I love plants. I can’t help it, they are so calming and beautiful. They make me happy, not to mention that their presence in a space makes you more productive because your brain is engaged with the beauty of nature all around you!
For this reason alone I have always wanted to have my own garden, but alas our apartment complex does not allow for yard-like gardens (or any type of edible landscaping). So instead we set up a low maintenance shade garden on one side of the patio with succulents and cacti from Lowes or Home Depot. The plants stay clean by themselves; if anything gets too dirty just let them dry out for about 2 hours and then water again when needed.
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What Does Shade Mean?
Shade and part shade are terms used by gardeners to categorize the amount of sunlight a given plant will receive. Shade plants have low light requirements, typically in the understory of a woodland area or on the north side of trees in a backyard.
Fewer than an hour of everyday direct sunshine is required for a full shadow perennial flower garden. As a result of obstructions such as trees, buildings, and other structures, less sunlight reaches the ground.
Partial Shade and Sun Exposure
There is partial shade when there is less than four hours of direct sunlight yet more than one and a half hours. The best time of day for partial shade plants is in the morning, when the sun isn’t as hot.
What is a low maintenance shade garden?
A low maintenance shade garden is a garden that is easy to care for and does not require a lot of sunlight.
Benefits: Low maintenance shade gardens are easy to care for and can help save money on your energy bill. They also provide a place for you to relax and enjoy the outdoors without having to worry about mowing the lawn or watering the plants.
Types of plants: Some of the best plants for low maintenance shade gardens include hostas, ferns, impatiens, and begonias. These plants are easy to care for and do not require a lot of sunlight.
What are some of the best plants for a low maintenance shade garden?
There are a variety of plants that can thrive in shady areas, including:
A popular choice for shade gardens, hostas come in a variety of colors and sizes. They are relatively low maintenance, and will prosper even in deep shade.
Ferns add a lush, tropical feel to any garden, and they prefer shady conditions. Most ferns are quite easy to care for, and will tolerate some degree of drought.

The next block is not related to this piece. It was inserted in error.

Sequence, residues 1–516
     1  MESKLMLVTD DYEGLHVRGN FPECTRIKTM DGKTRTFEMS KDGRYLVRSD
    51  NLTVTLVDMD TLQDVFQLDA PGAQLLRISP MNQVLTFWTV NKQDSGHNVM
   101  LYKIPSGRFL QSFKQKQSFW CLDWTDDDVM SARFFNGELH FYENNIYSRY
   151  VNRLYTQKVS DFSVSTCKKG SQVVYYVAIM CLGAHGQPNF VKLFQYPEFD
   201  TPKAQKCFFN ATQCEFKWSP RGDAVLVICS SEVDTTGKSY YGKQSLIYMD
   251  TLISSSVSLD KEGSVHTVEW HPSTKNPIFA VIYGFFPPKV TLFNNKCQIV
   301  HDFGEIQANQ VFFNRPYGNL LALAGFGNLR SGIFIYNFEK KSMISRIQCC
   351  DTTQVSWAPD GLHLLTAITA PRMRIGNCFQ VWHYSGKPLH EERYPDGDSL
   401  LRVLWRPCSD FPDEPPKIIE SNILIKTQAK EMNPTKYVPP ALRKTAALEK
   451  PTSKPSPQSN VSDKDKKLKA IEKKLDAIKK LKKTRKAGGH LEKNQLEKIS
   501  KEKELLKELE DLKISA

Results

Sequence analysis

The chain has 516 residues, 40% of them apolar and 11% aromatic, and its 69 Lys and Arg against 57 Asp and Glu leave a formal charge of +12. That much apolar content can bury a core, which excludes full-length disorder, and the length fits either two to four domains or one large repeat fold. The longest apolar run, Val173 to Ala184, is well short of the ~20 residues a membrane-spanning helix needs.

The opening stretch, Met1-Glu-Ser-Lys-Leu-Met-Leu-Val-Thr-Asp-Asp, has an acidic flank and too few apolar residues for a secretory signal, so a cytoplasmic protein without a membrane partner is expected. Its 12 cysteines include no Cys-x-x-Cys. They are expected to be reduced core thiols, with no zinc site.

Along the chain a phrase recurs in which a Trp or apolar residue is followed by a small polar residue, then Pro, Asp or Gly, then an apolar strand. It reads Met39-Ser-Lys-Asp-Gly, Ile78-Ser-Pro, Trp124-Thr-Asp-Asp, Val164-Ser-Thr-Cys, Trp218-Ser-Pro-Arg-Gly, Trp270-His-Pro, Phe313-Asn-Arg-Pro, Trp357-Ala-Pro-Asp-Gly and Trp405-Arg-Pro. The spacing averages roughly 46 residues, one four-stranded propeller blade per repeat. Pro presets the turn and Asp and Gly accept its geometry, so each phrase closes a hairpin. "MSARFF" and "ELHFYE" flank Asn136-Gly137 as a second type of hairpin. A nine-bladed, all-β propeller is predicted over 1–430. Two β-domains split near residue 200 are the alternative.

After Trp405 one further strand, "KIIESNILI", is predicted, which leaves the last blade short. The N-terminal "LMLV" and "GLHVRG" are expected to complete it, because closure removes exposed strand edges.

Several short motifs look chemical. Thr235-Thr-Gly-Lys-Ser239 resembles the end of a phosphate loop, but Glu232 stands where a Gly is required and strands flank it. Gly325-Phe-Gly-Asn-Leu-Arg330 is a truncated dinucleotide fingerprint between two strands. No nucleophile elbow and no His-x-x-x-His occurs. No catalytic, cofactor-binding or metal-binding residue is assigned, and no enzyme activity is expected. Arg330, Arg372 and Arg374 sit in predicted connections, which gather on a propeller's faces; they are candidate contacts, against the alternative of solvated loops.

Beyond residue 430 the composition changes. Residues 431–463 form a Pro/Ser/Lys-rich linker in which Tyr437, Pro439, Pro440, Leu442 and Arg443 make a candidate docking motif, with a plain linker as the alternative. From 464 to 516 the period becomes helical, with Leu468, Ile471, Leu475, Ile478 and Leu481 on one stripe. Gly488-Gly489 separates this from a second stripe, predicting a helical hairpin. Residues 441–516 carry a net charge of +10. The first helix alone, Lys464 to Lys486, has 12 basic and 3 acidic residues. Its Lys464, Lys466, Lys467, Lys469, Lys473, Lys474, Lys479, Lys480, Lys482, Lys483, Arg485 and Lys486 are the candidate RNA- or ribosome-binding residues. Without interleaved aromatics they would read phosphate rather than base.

These colorful flowers are another good choice for shady areas. They prefer moist soil and protection from the hot afternoon sun.
This plant has long been used as an ornamental houseplant. It thrives in cool temperatures and bright light.
To everyone’s benefit, plant breeders have gone a little bit crazy with coral bells. Coral bells are a type of plant that is cultivated for its vibrantly colored leaves. The low clumps of leaf work wonderfully as border edgers, foreground specimens, or in dense masses under trees.
As a bonus, they complement other plants in a container garden with their vibrant foliage. However, the summertime flowers of the coral bells are no slouches, either; they emerge atop sturdy stems and can be quite spectacular. Removing the old leaves in the spring is all that’s required for maintenance.
Your garden, no matter how little, has room for a clematis vine, which will gracefully twine itself over any nearby object. Flowering clematis vines add a pleasant touch to hedges and small trees with their wide array of colors. Clematis may thrive in both full sun and partial shade, but they produce the most beautiful blooms when given at least a few hours of direct sunlight each day.
Deep planting of clematis and ample mulching will help maintain a comfortable temperature around the plant’s roots. Give your clematis something to climb on and then sit back and enjoy the show.
We usually associate grasses with sunny meadows, but there are a few that thrive in the shade and add visual variety to sunny landscapes. Think about how the Japanese forest grass (Hakonechloa macra) looks. This grass, which comes in both golden and striped variants, reaches a height of about a foot and a half and resembles a cascading river or waterfall.
It looks great in a row of trees or a mass planting in the shade. When used alone or in combination with other shade foliage plants or flowers, these grasses add a lot of fun to your container garden. Leave them standing during the winter to provide cover and food for birds, and then trim them back in the spring as you would any other type of grass.
Benefits of the Plants
Hostas – Hostas are known for their ability to brighten up any shady area with their vibrant leaves. They also require very little maintenance, making them ideal for busy gardeners or those who want to enjoy their garden with minimal effort.
Ferns – In addition to adding a touch of luxury to your garden, ferns also help to create a cool and humid environment which is perfect for other shade-loving plants. They also help to prevent erosion on slopes or banks.
Impatiens – Impatiens add color and life to any garden, and they are also known for being very easy to care for. They make an excellent choice for busy gardeners or those who want to enjoy their garden with minimal effort.
Begonia- Begonias are one of the easiest plants to grow in containers because they do not need much water or fertilizer. They are also extremely versatile and can be grown indoors or out.